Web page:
Bilateral optic neuropathy in an HIV patient

Neurologia (Barcelona, Spain) (Impact Factor: 1.38). 05/2010; 25(4):267-8. DOI: 10.1016/S2173-5808(10)70051-1
Source: PubMed
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    ABSTRACT: SOME of the obscure, as well as common, pharyngeal pains, painful deglutition and referred otalgia may be traced to an elongated styloid process.1 It is of interest that these symptoms are usually found only after tonsillectomy. I now hope to establish that the elongated styloid process may also cause facial pain and headache, even when tonsillectomy has not been performed, owing to impingement of the process on a carotid artery. Thus, there exist two distinct syndromes referable to the styloid process; these syndromes present groups of symptoms which differ in their anatomic locations.The classic, and commoner, syndrome usually relates all symptoms to the pharynx and the ear, but occasionally an atypical group of symptoms may be referred to the hypopharynx and the upper part of the esophagus.1f The second syndrome, which I shall designate as the styloid process–carotid artery syndrome, presents symptoms related to the pattern of
    Archives of otolaryngology 06/1949; 49(5):490-503. DOI:10.1001/archotol.1949.03760110046003
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    ABSTRACT: Eagle syndrome is an aggregate of symptoms caused by an elongated ossified styloid process, the cause of which remains unclear. This is a rare finding that often goes undetected in the absence of radiographic studies. In this case, we present the diagnostic CT and lateral view plain film radiography findings of a 39-year-old woman with clinical evidence of Eagle syndrome. Eagle syndrome can occur unilaterally or bilaterally and most frequently results in symptoms of dysphagia, headache, pain on rotation of the neck, pain on extension of the tongue, change in voice, and a sensation of hypersalivation (1, 2). We present rare and diagnostic radiographic evidence of this on both plain film radiographs and CT scans. Although well documented in otolaryngology literature and dentistry literature, this syndrome has not been reported in the radiology literature.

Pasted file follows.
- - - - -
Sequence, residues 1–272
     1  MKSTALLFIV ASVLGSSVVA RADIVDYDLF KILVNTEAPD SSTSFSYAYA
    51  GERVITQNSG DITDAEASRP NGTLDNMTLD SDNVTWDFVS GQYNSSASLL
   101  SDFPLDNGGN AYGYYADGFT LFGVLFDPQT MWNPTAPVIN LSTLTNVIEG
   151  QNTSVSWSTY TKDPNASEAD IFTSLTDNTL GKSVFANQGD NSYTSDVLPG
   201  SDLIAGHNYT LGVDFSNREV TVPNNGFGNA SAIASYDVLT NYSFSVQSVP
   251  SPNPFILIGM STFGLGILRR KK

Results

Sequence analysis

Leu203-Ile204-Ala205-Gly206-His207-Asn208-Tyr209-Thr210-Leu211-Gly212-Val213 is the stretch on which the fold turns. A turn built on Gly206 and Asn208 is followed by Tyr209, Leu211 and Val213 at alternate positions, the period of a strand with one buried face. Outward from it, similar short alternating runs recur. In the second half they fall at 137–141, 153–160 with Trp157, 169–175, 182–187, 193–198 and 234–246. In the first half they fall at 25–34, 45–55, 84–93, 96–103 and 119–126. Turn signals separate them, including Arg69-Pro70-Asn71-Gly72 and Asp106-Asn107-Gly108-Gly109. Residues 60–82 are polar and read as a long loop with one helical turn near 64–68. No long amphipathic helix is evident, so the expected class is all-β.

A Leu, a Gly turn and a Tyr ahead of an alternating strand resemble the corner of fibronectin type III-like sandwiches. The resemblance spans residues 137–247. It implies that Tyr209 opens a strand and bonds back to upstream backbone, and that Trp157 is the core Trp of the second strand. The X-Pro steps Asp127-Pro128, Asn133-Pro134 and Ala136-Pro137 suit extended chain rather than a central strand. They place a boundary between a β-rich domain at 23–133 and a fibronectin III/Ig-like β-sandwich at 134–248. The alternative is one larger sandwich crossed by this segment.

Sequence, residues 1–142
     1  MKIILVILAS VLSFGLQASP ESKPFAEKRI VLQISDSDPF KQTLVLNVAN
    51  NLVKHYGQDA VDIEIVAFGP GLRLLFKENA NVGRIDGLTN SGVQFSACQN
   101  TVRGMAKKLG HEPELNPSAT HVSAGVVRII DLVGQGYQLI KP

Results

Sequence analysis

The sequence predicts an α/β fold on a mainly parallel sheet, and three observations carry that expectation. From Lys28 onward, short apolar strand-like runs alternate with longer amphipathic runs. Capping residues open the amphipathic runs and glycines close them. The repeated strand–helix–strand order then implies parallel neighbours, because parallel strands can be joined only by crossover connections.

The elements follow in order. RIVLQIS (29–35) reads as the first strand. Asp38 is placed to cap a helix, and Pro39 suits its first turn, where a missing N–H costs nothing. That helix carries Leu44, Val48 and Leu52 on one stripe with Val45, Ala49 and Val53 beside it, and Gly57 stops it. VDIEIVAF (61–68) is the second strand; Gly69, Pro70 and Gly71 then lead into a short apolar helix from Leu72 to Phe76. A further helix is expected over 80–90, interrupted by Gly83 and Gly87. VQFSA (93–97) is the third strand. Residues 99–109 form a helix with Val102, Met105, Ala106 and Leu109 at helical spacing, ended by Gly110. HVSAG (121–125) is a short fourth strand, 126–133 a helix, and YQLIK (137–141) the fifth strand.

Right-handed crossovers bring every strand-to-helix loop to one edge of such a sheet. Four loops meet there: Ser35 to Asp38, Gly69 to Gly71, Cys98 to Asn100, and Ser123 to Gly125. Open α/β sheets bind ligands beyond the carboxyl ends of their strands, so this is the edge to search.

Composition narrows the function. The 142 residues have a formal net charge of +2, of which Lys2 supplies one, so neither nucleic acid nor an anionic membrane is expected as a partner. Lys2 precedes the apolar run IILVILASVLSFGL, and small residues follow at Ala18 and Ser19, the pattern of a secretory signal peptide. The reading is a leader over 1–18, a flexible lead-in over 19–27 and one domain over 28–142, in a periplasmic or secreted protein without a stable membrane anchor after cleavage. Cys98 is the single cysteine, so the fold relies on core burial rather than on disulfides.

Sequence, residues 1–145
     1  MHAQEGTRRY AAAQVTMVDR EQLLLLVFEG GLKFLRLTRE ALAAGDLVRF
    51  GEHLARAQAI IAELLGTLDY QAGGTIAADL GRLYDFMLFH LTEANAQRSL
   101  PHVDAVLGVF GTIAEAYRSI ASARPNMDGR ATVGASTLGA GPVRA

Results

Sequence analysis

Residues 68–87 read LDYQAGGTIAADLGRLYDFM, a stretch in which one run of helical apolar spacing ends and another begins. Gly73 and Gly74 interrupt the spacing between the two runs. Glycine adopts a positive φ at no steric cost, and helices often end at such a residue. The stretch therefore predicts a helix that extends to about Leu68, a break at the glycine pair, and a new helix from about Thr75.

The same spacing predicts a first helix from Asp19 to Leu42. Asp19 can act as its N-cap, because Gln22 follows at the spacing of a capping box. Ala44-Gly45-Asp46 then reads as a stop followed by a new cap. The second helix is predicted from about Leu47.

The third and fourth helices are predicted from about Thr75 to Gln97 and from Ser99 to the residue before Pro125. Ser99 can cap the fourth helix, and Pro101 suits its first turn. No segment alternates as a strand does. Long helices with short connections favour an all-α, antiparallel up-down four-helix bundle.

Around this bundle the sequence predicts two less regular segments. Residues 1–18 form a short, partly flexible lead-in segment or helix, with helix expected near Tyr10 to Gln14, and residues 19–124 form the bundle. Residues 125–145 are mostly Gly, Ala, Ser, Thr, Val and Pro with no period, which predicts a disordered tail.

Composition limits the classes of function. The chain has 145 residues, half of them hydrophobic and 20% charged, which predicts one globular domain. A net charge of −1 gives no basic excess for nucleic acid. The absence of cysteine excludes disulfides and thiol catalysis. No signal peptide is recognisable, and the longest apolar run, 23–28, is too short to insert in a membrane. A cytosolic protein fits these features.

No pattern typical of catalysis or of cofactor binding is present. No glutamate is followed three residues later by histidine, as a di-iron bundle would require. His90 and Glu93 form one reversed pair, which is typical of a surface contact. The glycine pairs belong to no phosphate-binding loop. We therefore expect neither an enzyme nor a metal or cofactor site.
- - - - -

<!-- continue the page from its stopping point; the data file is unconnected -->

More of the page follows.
American Journal of Neuroradiology 09/2001; 22(7):1401-2. · 3.59 Impact Factor
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    ABSTRACT: Eagle syndrome is an uncommon entity but is well known in the otorhinolaryngology and oral surgery literature. This syndrome results from the compression of cranial nerves in the neck by an elongated styloid process causing unilateral cervical and facial pain. The styloid process can also cause compression of the cervical carotid arteries leading to the so-called carotid artery syndrome together with carotidynia or neurological symptoms due to flow reduction in these arteries. The authors discuss the case of a 70-year-old man who suffered from transient ischemic attacks on turning his head to the left, with immediate remission of symptoms when his head returned to the neutral position. The patient was studied with dynamic angiography, which clearly showed focal flow restriction. Once a diagnosis was made, the styloid process was removed surgically and the patient completely recovered from his symptoms. A postoperative angiogram demonstrated complete resolution of the pathology. Neurosurgeons might encounter patients with Eagle syndrome and should be aware of the symptoms and signs. Once the diagnosis is made, the treatment is clear and very effective.
    Journal of Neurosurgery 10/2008; 110(1):90-3. DOI:10.3171/2008.3.17435 · 3.74 Impact Factor
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